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Honeywell Envisions “Third Set of Eyes” to Help Pilots Avoid Runway Hazards

Honeywell Envisions “Third Set of Eyes” to Help Pilots Avoid Runway Hazards

Flight safety expert Thea Feyereisen says installing Honeywell’s new Surface Alert (SURF-A) software will be like adding an ever-vigilant “third set of eyes” in the cockpit of an airliner or business jet.

“SURF-A will improve flight crew situational awareness and reduce the risk associated with runway incursions, which are happening more frequently as flight hours increase and airports get busier,” said Feyereisen, Senior Technical Fellow at Honeywell Aerospace Technologies. 

Cockpit alerts are an integral part of a multi-faceted approach to runway safety that also includes groundside systems that warn air traffic controllers of potential problems. Feyereisen said, “Groundside systems alert the control tower, but they don’t warn pilots who are the last line of defense against runway incursions. In many cases, deadly accidents are avoided only through a pilot’s’ last-second heroics.” 

SURF-A will improve safety by giving pilots real-time aural and visual alerts when they’re on a trajectory to collide with an aircraft or ground vehicle within 30 seconds. It uses GPS data, automatic dependent surveillance-broadcast (ADS-B) equipment and advanced analytics to pinpoint the exact location of traffic hazards. 

SURF-A Takes a Big Step Forward in Runway Safety 

The new technology joins Smart X, our expanding portfolio of runway safety products. Smart X includes the Runway Awareness and Advisory System (RAAS) and the SmartRunway and SmartLanding software, which took runway situational awareness to the next level when they were introduced 15 years ago. 

Those technologies, which are available as a software upgrade to an aircraft’s required enhanced ground proximity warning system (EGPWS), boost flight crew situational awareness during taxi, take-off and landing.

“SmartRunway and SmartLanding set the standard for current-generation runway safety technology,” said Priyamvada Poyil, Director of Aerospace Offering Management for Honeywell’s EGPWS and traffic computer product line. “They are installed on about 5,000 commercial aircraft, which is around 20% of the world’s fleet. We regularly hear stories from airlines and pilots about how the software helped them avoid runway incursions, over-runs and wrong-surface landings. We know that SmartRunway and SmartLanding are preventing accidents and saving lives.”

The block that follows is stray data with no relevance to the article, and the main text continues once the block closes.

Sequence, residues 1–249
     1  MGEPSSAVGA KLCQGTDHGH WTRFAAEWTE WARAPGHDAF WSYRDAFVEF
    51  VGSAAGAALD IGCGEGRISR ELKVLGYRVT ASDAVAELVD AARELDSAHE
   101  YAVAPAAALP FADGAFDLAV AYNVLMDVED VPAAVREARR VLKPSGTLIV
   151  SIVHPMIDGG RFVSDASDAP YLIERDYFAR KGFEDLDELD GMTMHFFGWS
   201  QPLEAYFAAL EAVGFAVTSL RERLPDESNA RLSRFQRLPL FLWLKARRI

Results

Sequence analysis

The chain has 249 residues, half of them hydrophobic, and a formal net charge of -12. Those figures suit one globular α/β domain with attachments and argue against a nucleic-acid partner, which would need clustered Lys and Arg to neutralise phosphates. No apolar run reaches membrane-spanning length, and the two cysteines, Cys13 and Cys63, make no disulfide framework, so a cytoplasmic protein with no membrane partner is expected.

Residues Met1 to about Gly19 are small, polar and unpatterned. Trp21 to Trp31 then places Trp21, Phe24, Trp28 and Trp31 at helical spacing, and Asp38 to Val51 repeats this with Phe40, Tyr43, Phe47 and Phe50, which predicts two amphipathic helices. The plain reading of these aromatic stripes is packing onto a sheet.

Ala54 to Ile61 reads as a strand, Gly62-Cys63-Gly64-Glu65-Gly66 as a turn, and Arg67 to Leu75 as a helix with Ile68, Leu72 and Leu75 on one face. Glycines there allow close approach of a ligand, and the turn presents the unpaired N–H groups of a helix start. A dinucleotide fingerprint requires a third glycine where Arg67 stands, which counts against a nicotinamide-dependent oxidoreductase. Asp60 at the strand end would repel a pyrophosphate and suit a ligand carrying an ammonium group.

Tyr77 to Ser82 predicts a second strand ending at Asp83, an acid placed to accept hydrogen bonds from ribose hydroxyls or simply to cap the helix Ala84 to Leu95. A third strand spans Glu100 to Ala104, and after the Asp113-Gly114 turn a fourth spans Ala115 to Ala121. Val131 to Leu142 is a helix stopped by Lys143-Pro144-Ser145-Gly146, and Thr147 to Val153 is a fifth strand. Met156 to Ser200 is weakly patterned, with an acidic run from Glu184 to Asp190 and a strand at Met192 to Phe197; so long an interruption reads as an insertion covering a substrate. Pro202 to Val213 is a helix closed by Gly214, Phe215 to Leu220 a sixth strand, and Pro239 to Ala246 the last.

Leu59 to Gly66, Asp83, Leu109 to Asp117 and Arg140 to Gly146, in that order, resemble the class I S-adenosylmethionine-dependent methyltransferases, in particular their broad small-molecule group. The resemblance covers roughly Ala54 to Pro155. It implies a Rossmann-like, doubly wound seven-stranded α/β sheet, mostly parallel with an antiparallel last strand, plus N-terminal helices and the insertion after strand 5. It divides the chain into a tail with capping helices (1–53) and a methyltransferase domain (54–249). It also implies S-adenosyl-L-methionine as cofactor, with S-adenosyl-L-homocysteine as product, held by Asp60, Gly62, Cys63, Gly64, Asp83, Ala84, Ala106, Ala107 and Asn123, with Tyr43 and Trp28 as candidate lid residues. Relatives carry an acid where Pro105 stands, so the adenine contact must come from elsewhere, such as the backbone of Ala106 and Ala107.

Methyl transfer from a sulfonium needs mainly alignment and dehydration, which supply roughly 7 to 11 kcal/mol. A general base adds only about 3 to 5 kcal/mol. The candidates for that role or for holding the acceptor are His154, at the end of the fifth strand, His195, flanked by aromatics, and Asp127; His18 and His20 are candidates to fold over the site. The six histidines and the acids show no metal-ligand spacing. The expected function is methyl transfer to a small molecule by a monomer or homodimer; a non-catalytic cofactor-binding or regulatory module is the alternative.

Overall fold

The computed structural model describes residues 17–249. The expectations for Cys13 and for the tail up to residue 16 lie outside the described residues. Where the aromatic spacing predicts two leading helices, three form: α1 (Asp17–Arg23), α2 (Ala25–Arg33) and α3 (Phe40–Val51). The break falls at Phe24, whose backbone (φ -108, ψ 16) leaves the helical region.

SmartRunway and SmartLanding use aircraft position data and an accurate runway database to determine if an aircraft is in the correct energy state and position for landing. On takeoff, it also checks to make sure the runway surface is long enough for the type of aircraft.

“SURF-A takes those capabilities up a notch by accessing data directly from the ADS-B Out equipment installed on aircraft and ground vehicles,” Feyereisen said. 

“It establishes the current location and movement of all ADS-B equipped traffic within the runway engagement zone and uses advanced algorithms to identify anything that could cause an incursion within the next 30 seconds,” she said. “If that happens, the system alerts the pilots so they can take the appropriate action to avoid an accident. If everything is going well, the pilots won’t hear from the system.”

SURF-A Passes Major Milestone with December Flight Test 

With the frequency of runway accidents and close calls increasing at an unacceptable rate, we’re accelerating our SURF-A development efforts. 

“In 2018 we began integrating SURF-A as the next-generation improvement to our SmartRunway and SmartLanding technologies,” Poyil said. “Now, we’ve prioritized its development in response to increasing ground-based risks.” 

Honeywell successfully tested SURF-A capabilities during a series of flights in December. Soon we’ll be announcing a series of summer demonstration flights on our Boeing 757 aircraft for regulators, airlines and news media representatives in the U.S. and Europe. 

“It was gratifying to see how effective SURF-A was in our flight tests at alerting pilots so they could execute avoidance maneuvers,” Feyereisen said. “The system checked all the boxes, and we gathered lots of information that will help us accelerate the development and certification processes over the next two years. 

“We hope this new technology will be widely adopted and supported by the Federal Aviation Administration and other regulatory authorities to address runway safety problems that are putting people’s lives at risk.”